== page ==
Stewart Has Dirty Reputation As Track Owner
By Jeff Hood | Senior Writer
ROSSBURG, Ohio – Dave Blaney will make a rare start in the NASCAR Camping World Truck Series tonight when he pilots the No. 19 Ford owned by Brad Keselowski in the inaugural Mudsummer Classic at Eldora Speedway.
Aside from being a veteran driver, Blaney also wears the hat of a race track promoter.
He purchased Sharon Speedway in Hartford, Ohio in 2002.
On Wednesday, Blaney labeled Eldora Speedway, owned by fellow Sprint Cup driver Tony Stewart, as one of the top short facilities in the nation.
“There are improvements all the time and it’s more fan friendly,” Blaney said. “The track is still the same but it’s maybe the coolest dirt track there is. Just the shape of it, the banking and size for dirt racing, whether it’s Late Models or Sprint Cars it’s very cool.
“They’ve got the whole package here now, with amenities for fans and the race track. And, obviously, having an event like this tonight knocks it up a notch or two in stature.”
If Austin or Ty Dillon win this evening’s inaugural race on dirt for NASCAR’s truck series, will the brothers do anything to commemorate the occasion?
“If one of us wins it, then we can retire the truck or do something like that,” Ty Dillon said. “For being the inaugural race on dirt, I’ll definitely save something from it for sure.”
“We’ll definitely be taking a bunch of pictures,” Austin Dillon said. “And the tires are pretty awesome too. That might be something to take back with you. They look pretty neat.”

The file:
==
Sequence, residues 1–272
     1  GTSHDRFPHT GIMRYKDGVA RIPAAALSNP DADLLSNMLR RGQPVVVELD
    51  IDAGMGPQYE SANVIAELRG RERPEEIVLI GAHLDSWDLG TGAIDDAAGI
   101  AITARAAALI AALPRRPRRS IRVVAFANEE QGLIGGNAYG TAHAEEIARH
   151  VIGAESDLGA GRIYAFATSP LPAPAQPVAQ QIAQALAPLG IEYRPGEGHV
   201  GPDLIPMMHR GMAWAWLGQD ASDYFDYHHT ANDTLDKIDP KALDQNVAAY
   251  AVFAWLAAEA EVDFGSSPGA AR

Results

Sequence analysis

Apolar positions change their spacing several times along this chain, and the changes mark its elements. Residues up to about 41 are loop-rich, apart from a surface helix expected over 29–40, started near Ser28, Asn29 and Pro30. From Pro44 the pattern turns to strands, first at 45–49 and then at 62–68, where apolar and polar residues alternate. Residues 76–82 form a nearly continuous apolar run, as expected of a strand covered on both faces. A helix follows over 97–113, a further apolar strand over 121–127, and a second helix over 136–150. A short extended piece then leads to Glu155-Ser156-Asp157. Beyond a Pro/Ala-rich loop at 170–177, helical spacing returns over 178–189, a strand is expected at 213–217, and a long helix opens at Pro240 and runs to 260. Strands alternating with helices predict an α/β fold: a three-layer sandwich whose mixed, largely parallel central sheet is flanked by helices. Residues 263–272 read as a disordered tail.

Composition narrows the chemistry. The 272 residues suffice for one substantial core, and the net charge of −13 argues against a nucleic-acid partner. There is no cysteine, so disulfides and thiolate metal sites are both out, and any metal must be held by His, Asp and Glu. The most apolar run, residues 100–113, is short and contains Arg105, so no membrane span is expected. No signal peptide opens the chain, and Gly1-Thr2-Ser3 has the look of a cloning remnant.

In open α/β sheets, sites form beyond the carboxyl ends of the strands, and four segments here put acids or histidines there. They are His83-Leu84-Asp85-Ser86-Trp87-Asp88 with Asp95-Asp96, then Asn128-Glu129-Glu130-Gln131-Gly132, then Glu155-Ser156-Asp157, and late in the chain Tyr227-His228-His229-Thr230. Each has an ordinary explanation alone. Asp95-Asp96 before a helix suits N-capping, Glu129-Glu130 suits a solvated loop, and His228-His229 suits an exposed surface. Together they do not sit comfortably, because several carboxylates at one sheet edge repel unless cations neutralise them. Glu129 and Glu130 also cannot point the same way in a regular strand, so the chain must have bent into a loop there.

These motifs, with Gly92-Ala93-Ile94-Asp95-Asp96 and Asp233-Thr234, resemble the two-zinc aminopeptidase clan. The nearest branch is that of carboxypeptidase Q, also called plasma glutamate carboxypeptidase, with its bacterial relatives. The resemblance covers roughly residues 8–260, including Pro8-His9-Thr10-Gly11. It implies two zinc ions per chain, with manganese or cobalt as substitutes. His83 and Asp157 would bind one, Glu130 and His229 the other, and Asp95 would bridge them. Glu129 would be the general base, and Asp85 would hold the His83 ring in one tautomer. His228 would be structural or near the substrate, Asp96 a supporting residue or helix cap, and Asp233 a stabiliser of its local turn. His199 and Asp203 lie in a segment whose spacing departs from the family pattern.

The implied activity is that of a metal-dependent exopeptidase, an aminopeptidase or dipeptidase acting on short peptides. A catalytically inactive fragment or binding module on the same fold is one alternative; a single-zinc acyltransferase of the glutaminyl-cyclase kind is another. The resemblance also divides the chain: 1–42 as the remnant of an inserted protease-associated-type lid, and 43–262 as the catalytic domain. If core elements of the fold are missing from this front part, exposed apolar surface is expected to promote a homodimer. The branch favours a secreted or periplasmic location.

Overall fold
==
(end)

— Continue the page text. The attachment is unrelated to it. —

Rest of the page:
The Dillons confirmed that many teams in the garage, including Richard Childress Racing, are actually de-tuning engines this week due to the lack of grip. Drivers are rarely able to run full throttle on the half-mile oval.
Blaney, a veteran on dirt surfaces, couldn’t think of another facility to measure Eldora against when it comes to getting a run off the corners and down the straightaways.
“This requires the most finesse by a mile,” he said. “There is no grip in these trucks. It’s the combination of the tire we have and a big, heavy pavement racing car that is not built for dirt in any way, shape or form. And they don’t run fast.
“But you’ve still got to try to get the most out of it. It’s really, really easy to try to get too much and go way slower. It’s really finesse but the people have to help you too in trying to get it hooked up. Trying to get grip is going to make you or break you here when it comes down to it.”
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